This study has important public health implications. First, it will provide public health providers with insight into whether a disconnect exists between their recommended pre- and post-disaster technologies and the community’s awareness and usage of those technologies. Specifically, the results of this study can be used to inform leaders of public health organizations on the barriers which prevent at-risk groups from using these technologies. This can help these agencies develop interventions to increase the awareness of and access to technological tools within public housing communities. The results may also lead to the creation of policies or a new app specific to improving communication and information sharing.

Second, the results of the study may also highlight areas for improvement within the community-public health provider relationship. It is the aim of the researchers to create a model for assessing a community’s technological awareness and usage of post-disaster technology while increasing the community’s connection to its public health providers. This model can help to bridge a gap and increase future communication between residents and public health leaders.


Introduction

Situated in the Caribbean, the U.S. Virgin Islands (USVI) are susceptible to different types of disasters: hurricanes and tropical storms, earthquakes, tsunamis, and more. Historically, USVI has been most impacted by hurricanes; most recently, Hurricanes Irma and Maria in 2017. Hurricanes can interrupt the daily routines of affected people. For example, residents may lose access to food, medicine, or other resources that support their physical health. The ability to communicate with family and friends in the territory and beyond may also be cut off, which can contribute to anxiety or other mental health problems. Post-disaster community resilience can be greatly increased by utilizing available technologies, including solar chargers, mobile applications, and websites (Harrison & Williams, 20161). Access to and knowledge of technological tools can contribute greatly to a community’s ability to bounce back after disaster.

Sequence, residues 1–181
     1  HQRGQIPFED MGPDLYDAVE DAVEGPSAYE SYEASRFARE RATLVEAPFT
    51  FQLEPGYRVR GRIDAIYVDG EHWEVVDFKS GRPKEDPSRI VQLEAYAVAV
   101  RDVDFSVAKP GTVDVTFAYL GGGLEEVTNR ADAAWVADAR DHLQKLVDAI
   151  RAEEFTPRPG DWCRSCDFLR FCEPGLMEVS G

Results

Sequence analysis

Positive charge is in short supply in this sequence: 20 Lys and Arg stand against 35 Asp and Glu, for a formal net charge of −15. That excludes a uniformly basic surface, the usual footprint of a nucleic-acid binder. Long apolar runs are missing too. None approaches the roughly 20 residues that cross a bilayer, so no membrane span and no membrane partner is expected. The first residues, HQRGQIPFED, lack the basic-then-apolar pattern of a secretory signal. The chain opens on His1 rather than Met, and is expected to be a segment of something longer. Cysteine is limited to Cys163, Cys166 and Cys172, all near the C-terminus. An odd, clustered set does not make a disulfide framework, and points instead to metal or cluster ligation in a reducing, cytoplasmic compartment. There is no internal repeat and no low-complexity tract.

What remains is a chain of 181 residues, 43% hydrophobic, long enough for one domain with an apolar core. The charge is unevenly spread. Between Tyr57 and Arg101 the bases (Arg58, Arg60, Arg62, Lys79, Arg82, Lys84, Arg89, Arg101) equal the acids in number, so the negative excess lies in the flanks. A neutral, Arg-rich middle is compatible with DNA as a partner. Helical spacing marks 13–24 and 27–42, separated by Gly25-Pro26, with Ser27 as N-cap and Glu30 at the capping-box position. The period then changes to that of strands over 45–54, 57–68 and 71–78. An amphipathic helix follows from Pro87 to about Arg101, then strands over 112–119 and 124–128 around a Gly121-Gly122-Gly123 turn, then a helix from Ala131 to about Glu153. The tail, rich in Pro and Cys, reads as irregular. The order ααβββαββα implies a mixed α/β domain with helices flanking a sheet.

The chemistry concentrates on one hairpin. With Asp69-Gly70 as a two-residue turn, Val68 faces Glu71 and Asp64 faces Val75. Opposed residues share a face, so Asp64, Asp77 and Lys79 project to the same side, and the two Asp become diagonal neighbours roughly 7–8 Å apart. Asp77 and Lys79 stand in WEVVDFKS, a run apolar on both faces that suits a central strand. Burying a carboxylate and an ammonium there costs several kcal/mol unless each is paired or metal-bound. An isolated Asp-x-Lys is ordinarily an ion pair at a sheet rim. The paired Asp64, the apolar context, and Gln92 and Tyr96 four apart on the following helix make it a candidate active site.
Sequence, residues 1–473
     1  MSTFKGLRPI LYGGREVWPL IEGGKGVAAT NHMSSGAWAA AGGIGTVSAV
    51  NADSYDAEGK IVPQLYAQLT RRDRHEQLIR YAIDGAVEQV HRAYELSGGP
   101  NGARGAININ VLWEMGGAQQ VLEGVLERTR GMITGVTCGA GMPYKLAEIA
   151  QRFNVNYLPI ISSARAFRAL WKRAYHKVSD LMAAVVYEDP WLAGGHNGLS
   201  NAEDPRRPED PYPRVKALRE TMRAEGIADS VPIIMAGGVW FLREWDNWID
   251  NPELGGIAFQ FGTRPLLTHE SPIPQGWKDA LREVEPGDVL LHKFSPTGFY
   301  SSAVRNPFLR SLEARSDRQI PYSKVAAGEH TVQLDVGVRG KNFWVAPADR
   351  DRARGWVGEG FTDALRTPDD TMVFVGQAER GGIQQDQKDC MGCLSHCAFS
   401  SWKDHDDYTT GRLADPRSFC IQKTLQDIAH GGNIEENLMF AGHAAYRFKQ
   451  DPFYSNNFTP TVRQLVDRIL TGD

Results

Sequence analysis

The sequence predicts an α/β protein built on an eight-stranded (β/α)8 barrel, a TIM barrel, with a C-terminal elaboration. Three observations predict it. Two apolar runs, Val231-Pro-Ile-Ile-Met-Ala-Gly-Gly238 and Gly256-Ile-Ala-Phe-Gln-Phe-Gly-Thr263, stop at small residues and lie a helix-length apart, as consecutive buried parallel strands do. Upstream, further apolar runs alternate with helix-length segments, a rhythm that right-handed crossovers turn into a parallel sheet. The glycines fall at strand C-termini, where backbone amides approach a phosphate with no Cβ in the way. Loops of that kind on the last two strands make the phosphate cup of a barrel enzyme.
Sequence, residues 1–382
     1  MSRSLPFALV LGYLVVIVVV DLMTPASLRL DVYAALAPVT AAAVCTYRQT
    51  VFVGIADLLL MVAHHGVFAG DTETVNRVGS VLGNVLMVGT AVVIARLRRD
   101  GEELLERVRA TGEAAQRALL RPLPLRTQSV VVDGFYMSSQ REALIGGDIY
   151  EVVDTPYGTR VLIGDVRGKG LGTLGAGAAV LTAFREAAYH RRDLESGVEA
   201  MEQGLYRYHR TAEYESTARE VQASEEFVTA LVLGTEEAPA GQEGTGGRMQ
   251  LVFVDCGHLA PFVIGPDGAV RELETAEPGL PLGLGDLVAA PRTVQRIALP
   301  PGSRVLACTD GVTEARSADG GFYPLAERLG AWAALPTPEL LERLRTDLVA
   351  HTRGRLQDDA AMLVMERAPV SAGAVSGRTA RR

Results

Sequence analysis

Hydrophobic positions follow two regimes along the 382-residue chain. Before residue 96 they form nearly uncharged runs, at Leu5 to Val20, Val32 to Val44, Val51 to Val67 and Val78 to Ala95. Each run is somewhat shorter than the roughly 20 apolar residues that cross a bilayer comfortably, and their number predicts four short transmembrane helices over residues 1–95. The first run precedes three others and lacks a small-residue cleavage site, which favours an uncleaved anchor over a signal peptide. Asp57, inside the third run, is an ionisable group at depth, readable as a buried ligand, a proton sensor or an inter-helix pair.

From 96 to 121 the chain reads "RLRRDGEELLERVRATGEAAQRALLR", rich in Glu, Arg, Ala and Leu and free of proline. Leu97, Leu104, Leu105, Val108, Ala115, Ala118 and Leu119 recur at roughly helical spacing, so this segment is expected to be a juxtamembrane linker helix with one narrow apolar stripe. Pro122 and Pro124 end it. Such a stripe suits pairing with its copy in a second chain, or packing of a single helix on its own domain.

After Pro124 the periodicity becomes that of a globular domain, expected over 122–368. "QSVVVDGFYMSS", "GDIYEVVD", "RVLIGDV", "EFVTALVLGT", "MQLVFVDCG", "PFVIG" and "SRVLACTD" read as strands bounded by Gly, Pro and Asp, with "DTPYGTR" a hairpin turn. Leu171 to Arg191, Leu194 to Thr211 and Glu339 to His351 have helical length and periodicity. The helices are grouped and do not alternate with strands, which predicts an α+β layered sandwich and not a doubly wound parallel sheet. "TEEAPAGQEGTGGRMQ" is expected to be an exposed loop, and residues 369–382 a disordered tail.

Technological tools aid in the swiftness and depth of recovery within a community by “enhancing the interconnectedness between the authorities and the public and by facilitating the rapid exchange of information” (Vos & Sullivan, 20142). There is currently no available assessment of disaster communication technology in the USVI. Through interdisciplinary mixed-methods research, this study sought to uncover the level of information and communication technology use and awareness among at-risk populations and public health organizations on the island of St. Croix. In addition, we documented the technology preferences and experience of public health leaders and members of at-risk populations.

Literature Review

Major hurricanes impact small islands both in the way they operate and in their future development (Popescu et al., 20203). In 2017, Hurricanes Irma and Maria ravaged the USVI within a span of two weeks. The long-term effects of those disasters are still being felt—almost five years later, there are still a number of homes that have blue tarps on them (Ambrose, 20194). Immediately after the hurricanes, daily life was severely impacted. Schools were closed, places of business closed (some permanently), families were displaced, and supply shortages were common. People relied on radio communications to learn where to obtain packages of food and supplies (Nieves-Pizarro, 20195). Communication and information sharing within the community was limited, and government organizations, researchers and public health agencies have recognized the use and importance of Information and Communication Technology (ICT) for effective disaster risk management at all four phases of disaster management (Firdhous, 20186; Vos & Sullivan, 2014). ICT has also been found critical for disaster response by National Disaster Organizations in Caribbean countries (Levius, 20177). ICTs are products and devices that help people and organizations interact with each other. Government agencies use different types of ICTs for disaster preparedness, response and recovery, such as Wireless Emergency Alerts (WEAs) used by the Federal Emergency Management Agency (FEMA), Trilogy Emergency Response Application (TERA) used in Asia, Serval project apps, satellite communications, social media, NASA Finder, and direct phone calls (Eastern Kentucky University, n.d.8).